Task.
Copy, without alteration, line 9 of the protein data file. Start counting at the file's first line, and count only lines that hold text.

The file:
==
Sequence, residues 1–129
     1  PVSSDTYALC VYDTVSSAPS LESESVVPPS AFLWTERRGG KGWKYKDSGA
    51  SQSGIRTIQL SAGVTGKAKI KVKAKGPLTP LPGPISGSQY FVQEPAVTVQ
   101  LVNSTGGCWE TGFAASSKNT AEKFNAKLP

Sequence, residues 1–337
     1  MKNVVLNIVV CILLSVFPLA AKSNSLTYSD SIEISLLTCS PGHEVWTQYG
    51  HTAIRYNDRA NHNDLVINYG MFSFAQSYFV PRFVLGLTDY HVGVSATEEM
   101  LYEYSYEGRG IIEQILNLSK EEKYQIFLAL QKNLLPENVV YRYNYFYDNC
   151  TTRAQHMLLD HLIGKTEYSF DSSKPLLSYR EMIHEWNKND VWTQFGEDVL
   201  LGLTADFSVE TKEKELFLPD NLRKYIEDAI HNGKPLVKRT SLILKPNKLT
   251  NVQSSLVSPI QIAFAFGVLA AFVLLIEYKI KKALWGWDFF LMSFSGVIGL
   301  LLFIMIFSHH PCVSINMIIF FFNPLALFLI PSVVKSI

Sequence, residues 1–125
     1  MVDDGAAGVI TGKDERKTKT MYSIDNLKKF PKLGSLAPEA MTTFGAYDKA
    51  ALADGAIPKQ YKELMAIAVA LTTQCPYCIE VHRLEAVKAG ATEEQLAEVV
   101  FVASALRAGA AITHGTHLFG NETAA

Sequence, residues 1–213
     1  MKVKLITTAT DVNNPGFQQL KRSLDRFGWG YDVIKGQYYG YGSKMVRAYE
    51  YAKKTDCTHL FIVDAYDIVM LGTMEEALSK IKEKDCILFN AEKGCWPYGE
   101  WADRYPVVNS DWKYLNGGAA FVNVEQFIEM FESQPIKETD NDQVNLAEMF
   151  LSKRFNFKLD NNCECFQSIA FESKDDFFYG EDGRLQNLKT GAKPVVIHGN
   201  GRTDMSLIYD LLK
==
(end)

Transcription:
   151  TTRAQHMLLD HLIGKTEYSF DSSKPLLSYR EMIHEWNKND VWTQFGEDVL